By Ray Hershel
(EASTHAMPTON, Mass.) (WGGB)– An 89-year old Easthampton man says flooding from Hurricane Irene is not as bad as the flood of 1936.
Dick Warnock was 14 years old when the flood of 1936 devastated the region.
As he looks out of his Clapp Street Easthampton home he sees flood waters from Hurricane Irene at a distance.
Not like ’36 when flood waters poured into his house, “ Three and a half feet on the first floor, that’s where the water was, that’s where the water was ,so it flooded your whole first floor, yes, three and a half feet,” says Warnock.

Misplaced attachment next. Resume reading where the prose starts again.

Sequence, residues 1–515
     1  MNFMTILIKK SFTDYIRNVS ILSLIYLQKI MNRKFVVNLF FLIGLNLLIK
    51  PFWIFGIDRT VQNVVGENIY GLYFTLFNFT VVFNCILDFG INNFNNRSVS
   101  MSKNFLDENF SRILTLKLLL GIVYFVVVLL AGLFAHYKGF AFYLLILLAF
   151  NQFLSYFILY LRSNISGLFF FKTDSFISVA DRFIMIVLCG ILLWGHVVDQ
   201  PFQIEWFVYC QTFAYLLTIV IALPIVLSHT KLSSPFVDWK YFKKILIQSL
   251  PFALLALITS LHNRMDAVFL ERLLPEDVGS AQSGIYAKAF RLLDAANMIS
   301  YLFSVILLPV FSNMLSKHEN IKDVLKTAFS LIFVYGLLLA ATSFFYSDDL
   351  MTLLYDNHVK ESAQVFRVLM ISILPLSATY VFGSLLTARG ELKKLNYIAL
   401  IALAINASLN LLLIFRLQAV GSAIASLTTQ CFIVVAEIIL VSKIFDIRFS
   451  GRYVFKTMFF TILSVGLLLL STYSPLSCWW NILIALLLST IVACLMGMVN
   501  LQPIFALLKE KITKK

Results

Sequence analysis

Warnock says it took three days for those waters in his house to recede.
His family used a boat to get around.
Warnock still has the old newspapers from 1936.
The special souvenir edition of the Springfield Newspapers cost two cents.
Pictures show houses washed away, roads flooded,and ice jams.
So when floodwaters from Hurricane Irene started rising, he watched closely,” What we learned living here when you see it across the road it’s nothing to get alarmed about but when it hits the edge of the road over here in this low spot, you want to think about getting out,” says Warnock.
But high water from Irene never came close to the water levels of 1936.
Warnock hopes he never sees another flood like that,” I hope not, I hope not,” as he knocked on wood.
While a section of Fort Hill Road near Warnock’s home in Easthampton remains closed to traffic, the water here is receding, and that’s good news to residents like Dick Warnock.